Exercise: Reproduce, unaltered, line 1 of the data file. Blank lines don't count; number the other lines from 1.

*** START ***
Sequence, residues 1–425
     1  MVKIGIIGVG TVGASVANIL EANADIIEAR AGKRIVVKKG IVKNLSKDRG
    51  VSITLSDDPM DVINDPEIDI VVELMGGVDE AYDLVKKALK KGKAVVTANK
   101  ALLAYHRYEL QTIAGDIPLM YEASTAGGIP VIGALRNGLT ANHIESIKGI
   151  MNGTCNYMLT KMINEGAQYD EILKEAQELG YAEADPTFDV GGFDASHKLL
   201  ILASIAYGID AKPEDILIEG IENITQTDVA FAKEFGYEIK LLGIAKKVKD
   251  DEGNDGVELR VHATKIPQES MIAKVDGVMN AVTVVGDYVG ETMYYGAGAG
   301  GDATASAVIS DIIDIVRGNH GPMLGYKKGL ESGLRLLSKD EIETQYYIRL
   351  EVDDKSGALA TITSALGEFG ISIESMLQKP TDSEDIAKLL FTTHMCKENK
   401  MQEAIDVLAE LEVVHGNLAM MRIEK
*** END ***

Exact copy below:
Sequence, residues 1–425